Andrew Choate is an artist/writer who was born and raised in South Carolina. He studied music and literature at Northwestern University and the California Institute of the Arts. He is the author of several small press books of poetry, photography, and art criticism and has two books forthcoming in 2016: I Love You More (Insert Blanc), a collection of his texts for performance, and Learning (Writ Large), a self-help/mystery collage. His radio plays and sound works have been broadcast on WDR in Germany, Radio Arte Mobile in Italy, Hipersônica in Brazil, Resonance FM in England, and various outlets in the US. As The Unwrinkled Ear, he produces a monthly concert series dedicated to bringing international improvised music to Los Angeles, and hosts a radio show on KCHUNG every other Tuesday from 5-7pm PST. His Instagram page @saintbollard is an index devoted to photographs of bollards and has over forty-seven thousand followers. He has been invited to present his bollard writing and photography around the world: at the Material Art Fair in Mexico City for Bikini Wax gallery; performing at the Kulcsar Haus in Vienna; organizing a bollard tour for Atlas Obscura in Los Angeles; headlining the Dunedin Fringe Festival in New Zealand – where he won the award for Best Visual/Performance Art as well as the Warwick Broadhead Memorial Award. Articles and interviews with him about his bollard project have been featured by the Canadian Broadcast Corporation, the Otago Daily Times (New Zealand), and Atlas Obscura.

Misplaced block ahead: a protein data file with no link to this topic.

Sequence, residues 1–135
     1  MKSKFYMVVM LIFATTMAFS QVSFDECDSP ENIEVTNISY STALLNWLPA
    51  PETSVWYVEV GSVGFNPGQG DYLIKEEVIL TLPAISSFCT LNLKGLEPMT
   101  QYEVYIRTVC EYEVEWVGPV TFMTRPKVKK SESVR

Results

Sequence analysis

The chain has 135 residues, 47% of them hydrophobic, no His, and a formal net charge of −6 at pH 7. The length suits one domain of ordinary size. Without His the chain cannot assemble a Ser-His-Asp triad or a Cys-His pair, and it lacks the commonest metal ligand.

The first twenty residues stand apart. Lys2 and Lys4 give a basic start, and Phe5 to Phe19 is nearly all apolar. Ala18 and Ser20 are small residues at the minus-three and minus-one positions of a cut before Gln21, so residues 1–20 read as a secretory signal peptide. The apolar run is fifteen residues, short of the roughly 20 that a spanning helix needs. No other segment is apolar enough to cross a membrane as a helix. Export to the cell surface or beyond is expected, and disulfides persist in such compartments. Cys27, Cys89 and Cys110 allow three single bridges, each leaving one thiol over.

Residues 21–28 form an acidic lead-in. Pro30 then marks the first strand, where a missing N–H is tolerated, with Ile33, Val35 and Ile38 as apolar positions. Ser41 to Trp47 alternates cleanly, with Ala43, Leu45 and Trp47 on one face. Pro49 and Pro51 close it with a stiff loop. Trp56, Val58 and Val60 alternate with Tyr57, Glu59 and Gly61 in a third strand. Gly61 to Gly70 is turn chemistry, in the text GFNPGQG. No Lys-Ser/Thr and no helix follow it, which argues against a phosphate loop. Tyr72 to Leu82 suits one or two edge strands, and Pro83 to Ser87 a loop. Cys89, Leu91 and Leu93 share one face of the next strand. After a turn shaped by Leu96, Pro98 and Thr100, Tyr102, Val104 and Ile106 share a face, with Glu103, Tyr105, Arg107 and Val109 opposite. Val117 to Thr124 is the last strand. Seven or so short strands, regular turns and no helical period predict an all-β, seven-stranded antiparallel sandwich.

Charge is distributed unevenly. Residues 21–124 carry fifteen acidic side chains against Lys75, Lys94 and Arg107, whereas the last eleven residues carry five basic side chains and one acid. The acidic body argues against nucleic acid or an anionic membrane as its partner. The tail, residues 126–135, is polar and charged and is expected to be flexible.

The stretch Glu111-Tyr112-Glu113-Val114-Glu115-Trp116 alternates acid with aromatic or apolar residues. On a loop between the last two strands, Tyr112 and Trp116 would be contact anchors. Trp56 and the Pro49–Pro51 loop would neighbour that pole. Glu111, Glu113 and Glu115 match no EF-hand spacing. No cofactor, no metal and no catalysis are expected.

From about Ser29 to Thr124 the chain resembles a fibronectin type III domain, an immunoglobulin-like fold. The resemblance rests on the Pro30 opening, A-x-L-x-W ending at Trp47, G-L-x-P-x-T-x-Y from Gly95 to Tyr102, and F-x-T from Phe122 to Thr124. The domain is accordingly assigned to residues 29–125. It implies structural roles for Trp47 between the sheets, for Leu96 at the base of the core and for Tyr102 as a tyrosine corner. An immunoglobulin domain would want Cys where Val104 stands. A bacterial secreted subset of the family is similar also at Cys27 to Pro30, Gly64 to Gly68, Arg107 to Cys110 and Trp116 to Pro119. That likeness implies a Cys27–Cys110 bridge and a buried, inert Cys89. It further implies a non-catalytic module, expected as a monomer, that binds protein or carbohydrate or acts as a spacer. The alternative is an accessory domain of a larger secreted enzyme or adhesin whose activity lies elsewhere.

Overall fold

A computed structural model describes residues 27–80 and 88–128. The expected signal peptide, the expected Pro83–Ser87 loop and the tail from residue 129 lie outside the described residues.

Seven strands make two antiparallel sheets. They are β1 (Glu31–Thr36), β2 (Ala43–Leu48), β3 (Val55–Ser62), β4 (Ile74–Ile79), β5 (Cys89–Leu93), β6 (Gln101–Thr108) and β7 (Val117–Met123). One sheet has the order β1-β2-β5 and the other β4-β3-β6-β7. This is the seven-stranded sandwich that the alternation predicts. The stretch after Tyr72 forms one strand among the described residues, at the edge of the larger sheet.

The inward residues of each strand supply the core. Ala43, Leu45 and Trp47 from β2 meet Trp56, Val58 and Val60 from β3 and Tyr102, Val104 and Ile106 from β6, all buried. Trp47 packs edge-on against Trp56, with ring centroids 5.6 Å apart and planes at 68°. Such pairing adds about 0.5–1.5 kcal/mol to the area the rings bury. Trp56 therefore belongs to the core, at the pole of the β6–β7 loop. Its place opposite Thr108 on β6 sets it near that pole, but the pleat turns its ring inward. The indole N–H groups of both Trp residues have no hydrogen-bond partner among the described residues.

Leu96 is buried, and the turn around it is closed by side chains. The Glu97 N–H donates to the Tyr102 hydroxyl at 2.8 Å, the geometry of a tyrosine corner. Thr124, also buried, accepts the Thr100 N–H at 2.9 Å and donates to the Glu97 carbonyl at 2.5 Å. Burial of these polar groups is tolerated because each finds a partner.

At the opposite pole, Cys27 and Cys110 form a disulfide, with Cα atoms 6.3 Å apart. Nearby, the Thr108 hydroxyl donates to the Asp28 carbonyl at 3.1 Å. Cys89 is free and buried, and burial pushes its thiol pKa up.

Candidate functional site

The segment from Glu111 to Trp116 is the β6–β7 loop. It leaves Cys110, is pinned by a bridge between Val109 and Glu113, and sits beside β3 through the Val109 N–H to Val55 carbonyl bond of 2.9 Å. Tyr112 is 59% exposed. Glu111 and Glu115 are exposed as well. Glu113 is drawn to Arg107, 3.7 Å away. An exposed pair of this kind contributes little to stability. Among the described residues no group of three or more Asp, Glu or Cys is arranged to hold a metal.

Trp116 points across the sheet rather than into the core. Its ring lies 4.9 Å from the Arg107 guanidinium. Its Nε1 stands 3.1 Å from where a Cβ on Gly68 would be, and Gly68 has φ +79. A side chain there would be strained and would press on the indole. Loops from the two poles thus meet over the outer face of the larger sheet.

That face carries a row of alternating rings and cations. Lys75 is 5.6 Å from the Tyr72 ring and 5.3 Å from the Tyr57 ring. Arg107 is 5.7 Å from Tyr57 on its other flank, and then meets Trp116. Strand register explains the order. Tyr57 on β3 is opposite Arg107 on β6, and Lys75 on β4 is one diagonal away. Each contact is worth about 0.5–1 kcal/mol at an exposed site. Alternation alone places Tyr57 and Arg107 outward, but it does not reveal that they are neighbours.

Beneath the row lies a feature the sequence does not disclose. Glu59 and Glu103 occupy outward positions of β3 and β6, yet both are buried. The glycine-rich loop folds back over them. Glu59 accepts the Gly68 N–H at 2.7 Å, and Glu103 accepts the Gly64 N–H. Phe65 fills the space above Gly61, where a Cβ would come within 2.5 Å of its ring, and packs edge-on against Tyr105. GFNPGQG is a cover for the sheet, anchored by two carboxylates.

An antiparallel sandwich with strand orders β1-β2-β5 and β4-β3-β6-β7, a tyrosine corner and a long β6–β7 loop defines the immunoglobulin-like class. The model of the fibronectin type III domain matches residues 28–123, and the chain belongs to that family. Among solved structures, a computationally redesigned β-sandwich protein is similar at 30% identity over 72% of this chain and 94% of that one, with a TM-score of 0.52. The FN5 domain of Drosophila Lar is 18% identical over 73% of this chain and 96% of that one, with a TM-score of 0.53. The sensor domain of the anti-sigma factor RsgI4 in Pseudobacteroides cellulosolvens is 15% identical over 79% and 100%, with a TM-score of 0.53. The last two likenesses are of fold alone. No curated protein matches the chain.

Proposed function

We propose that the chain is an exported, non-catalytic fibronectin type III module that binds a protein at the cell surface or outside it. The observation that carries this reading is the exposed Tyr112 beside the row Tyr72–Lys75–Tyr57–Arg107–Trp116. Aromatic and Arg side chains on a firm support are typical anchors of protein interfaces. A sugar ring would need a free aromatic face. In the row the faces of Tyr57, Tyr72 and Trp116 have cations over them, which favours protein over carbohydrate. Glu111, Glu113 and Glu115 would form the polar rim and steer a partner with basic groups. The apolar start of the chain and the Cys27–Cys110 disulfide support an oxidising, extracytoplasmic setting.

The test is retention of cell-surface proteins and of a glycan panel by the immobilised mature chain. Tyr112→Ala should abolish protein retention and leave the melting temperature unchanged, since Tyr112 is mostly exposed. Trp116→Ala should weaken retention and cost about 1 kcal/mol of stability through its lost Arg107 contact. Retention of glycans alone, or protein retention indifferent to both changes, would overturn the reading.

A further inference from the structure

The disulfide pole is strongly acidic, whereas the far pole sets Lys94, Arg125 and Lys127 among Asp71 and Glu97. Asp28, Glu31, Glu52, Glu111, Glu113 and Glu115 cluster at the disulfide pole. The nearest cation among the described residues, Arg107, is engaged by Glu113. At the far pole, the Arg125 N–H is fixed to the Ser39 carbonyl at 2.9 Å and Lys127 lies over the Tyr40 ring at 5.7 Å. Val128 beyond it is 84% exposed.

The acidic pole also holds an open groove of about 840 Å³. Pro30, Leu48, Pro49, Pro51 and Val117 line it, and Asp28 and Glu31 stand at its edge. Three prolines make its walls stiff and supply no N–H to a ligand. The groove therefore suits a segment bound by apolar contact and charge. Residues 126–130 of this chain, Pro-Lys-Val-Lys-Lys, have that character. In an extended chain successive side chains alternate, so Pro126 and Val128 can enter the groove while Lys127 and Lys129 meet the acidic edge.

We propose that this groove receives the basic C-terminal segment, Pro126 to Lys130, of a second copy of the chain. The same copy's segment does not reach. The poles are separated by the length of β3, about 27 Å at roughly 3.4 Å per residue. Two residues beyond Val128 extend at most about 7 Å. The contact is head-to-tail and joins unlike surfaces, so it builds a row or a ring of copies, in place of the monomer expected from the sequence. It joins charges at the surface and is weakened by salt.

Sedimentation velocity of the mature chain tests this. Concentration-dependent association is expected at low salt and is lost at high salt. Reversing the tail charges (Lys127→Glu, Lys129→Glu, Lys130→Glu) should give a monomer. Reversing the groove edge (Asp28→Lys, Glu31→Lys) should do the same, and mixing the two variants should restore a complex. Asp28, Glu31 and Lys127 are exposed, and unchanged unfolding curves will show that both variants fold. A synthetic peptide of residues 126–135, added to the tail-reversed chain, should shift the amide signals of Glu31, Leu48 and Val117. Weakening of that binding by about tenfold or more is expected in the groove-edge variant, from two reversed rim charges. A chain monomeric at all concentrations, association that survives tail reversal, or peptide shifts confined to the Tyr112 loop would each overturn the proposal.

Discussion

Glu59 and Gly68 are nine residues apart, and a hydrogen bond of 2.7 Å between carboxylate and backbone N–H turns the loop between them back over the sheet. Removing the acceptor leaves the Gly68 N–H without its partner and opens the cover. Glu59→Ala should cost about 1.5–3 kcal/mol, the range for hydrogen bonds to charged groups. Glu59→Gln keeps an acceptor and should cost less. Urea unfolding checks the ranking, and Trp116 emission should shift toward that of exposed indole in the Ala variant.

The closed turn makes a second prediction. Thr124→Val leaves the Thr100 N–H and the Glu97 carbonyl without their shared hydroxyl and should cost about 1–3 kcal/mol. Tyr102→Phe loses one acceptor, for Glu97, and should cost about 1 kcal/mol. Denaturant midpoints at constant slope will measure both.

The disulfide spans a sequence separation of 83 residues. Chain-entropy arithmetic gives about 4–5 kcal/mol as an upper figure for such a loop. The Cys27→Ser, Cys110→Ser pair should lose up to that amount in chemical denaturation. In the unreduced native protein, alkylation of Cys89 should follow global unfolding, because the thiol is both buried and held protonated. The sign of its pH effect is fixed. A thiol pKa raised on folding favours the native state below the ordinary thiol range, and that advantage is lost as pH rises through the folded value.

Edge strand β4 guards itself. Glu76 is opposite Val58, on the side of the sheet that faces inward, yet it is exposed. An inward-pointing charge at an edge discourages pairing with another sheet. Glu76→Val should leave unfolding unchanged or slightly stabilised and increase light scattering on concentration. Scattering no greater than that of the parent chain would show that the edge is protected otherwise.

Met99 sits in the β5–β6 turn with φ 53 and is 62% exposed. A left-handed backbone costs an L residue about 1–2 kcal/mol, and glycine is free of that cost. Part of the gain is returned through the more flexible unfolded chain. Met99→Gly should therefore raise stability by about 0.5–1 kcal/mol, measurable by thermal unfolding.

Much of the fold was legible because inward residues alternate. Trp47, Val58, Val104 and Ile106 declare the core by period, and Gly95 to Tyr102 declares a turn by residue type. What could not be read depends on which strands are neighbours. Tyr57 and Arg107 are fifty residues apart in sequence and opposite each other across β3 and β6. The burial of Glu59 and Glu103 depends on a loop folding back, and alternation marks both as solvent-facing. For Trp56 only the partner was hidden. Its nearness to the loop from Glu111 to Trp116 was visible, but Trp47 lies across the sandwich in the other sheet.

Gala Porras-Kim (b. 1984, Bogotá, Colombia; lives and works in LA) received an MFA from the California Institute of the Arts (2009); as well as an MA in Latin American Studies (2012), and a BA in Art and Latin American Studies (2007), from the University of California, Los Angeles. Her work has been included last year in Los Angeles at the Hammer Museum’s Made in L.A., CURRENT the Public Art Biennial, AÚN, The 44th National Salon of Artists in Colombia, FRAC Pays De La Loire in France. She received a Rema Hort Mann Foundation award in 2017, Joan Mitchell Foundation award in 2016, Creative Capital Grant and Tiffany Foundation award in 2015 and a California Community Foundation Fellowship for Visual Artists in 2013. Porras-Kim’s work will be included in upcoming exhibitions at the Headlands Center for the Arts, Otis College of Art and Design and the Los Angeles County Museum of Art for the Getty Pacific standard time LA/LA, at Commonwealth and Council and LABOR in Mexico City.